Yeah, it’s an interesting one isn’t it? It’s dead easy to ascribe maliciousness, but it’s hard to credit they are so obtuse as to have done it through error time and again.
It’s an interesting philosophical debate as to what exactly is the role of a governing body? Years ago they would sell the TV rights of their sport for income. Now it seems as if the income is more important than the actual sport. To the point where Governing bodies are inventing new sports to sell to broadcasters. I’m not sure that is what they are supposed to be doing.
And what is the role of sport if making money is its only purpose? The ECB could sell the game to terrestrial tv if they really wanted to grow the game. But they would not get anything like the money. That hurts the top players , and the over paid administrstors. But more people would discover the game. Equally, they could cut ticket prices and encourage more people to attend. But they don’t like that model. Instead 50% of the ground sold for price X rather than sold out for half of X.
The other problem sport is encountering as a money making model only is the avoidance of sudden death matches that really matter. The last day of the Premier league this year mattered, and both chasing teams had to win. In the Champoins league both semi finalists had to win exiting matches, However, Barcelona got knocked out. The sponsors didn’t like that. No Real Madrid, or Barcelona or Munich or Pais or Manchester United is not the model the sponsors or the governing bodies required. Ajax was not a popular outcome with the money men.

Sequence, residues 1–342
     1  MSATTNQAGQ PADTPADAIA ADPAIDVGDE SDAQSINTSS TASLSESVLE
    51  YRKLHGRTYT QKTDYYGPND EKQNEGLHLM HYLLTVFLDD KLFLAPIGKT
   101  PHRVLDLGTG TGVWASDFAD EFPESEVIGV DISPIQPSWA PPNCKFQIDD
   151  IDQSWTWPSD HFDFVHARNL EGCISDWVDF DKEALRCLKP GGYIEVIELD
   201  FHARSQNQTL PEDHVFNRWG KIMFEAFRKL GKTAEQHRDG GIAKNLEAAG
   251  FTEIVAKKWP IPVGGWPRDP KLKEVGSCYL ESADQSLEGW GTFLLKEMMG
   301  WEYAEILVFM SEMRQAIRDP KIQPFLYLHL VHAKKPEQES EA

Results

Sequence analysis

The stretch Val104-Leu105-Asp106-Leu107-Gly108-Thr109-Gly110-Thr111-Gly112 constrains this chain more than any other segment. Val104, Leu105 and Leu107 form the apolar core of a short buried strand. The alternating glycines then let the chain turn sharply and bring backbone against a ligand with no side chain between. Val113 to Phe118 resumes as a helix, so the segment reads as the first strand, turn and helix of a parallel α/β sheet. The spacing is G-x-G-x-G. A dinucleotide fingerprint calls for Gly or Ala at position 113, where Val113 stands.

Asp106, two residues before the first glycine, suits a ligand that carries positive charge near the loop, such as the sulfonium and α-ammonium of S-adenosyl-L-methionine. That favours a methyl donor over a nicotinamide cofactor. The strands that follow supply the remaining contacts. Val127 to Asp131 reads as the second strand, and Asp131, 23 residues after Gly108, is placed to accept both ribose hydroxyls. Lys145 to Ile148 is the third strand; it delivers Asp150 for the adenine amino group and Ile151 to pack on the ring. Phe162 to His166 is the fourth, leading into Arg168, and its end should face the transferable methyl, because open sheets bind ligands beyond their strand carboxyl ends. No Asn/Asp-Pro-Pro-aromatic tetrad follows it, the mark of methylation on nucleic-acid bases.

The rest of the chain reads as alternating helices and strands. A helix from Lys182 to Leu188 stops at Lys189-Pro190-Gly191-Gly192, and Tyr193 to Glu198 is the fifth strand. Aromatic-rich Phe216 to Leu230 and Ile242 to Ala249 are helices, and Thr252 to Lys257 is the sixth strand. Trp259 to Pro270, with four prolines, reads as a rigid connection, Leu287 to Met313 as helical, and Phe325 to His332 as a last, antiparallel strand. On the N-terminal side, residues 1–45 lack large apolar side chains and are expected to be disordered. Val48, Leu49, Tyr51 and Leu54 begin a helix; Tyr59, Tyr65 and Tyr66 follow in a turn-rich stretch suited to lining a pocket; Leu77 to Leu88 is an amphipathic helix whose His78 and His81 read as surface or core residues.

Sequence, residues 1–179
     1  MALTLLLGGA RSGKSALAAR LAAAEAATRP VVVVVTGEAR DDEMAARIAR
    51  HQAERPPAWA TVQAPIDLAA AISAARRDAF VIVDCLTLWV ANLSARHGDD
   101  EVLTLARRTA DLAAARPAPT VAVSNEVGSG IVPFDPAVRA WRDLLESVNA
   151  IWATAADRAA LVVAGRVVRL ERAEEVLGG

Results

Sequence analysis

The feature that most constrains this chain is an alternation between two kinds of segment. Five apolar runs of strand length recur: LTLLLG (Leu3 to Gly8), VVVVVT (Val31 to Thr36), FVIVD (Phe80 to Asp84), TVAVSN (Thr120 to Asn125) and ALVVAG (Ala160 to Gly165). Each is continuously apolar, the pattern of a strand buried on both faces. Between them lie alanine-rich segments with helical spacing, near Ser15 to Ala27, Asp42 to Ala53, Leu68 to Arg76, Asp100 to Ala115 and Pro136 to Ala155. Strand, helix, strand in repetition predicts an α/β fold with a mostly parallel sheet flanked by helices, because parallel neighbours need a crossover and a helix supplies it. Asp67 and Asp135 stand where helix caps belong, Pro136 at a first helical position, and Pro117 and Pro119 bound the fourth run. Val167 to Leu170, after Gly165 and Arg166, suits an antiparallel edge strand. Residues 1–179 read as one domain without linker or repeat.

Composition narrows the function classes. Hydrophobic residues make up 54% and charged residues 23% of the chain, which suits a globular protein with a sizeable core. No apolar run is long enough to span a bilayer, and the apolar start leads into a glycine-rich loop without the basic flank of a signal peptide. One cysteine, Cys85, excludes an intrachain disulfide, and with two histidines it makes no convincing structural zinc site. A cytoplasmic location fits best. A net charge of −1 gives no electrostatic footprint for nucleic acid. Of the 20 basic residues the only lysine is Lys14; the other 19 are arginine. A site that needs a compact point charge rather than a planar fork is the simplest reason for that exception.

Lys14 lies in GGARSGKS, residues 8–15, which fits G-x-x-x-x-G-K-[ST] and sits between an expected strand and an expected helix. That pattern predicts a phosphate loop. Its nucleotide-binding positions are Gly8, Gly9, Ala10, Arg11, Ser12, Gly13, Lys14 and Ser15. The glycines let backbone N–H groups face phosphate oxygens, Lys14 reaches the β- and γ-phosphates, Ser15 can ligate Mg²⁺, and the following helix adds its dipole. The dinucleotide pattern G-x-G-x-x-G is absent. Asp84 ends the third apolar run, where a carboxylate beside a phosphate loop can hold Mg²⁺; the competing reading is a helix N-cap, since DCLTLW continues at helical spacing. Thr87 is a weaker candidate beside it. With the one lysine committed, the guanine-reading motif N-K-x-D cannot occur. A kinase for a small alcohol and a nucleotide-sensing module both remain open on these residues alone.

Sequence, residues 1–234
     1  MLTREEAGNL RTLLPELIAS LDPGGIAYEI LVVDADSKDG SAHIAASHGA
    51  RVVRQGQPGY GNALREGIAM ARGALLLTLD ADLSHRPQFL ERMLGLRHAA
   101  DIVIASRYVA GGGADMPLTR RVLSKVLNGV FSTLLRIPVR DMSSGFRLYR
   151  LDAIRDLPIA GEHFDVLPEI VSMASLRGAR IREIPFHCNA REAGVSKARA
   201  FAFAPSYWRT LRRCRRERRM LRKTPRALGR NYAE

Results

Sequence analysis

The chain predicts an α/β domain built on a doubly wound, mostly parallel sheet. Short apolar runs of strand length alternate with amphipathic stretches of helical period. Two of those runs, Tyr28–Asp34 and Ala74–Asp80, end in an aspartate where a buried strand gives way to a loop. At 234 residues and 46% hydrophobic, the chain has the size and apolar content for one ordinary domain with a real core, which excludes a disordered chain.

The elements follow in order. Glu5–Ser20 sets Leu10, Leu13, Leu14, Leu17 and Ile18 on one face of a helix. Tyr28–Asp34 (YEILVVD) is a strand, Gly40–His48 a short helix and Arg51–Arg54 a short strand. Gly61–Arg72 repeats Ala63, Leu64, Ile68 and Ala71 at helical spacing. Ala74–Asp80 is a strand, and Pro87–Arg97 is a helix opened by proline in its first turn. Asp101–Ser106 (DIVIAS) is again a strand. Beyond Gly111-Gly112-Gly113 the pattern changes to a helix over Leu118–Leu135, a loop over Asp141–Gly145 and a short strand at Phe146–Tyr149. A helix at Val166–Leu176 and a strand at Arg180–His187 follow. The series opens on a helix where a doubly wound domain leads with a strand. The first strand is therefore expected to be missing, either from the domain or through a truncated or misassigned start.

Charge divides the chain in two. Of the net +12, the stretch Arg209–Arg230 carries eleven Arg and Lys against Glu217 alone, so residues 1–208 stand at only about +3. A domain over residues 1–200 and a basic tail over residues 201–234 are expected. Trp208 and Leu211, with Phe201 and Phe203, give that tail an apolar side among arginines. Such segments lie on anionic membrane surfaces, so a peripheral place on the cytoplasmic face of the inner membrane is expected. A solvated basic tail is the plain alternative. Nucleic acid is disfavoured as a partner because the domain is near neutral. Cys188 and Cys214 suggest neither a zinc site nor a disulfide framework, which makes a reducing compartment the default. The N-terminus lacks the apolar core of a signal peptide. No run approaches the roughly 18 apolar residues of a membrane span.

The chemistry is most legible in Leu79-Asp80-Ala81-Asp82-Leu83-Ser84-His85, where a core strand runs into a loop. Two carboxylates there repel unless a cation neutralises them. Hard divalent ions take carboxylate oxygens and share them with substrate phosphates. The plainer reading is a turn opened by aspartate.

No wonder the rumours of a new break away league grow ever louder.
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To put it simply, I would say the role of the governing body is to protect and nurture the whole sport. Not the professionals, not the professional teams, the sport.
That the ECB compares spectacularly badly to the FA in this regard is not a good thing.
One of the things that stood out to me from the Tom Harrison interview was when he said that all team sports in England had the same problems (mainly fragmented audiences being distracted by more and more choices). Which is fine and true, but doesn’t explain how cricket has fallen from being in (at least) the top five sports for children about 20 years ago in this country to now being (to quote the ECB’s own statistics) 11th amongst teenagers. If the issues facing cricket face all sports, surely the ranking should remain the same with just the overall figures showing a decline?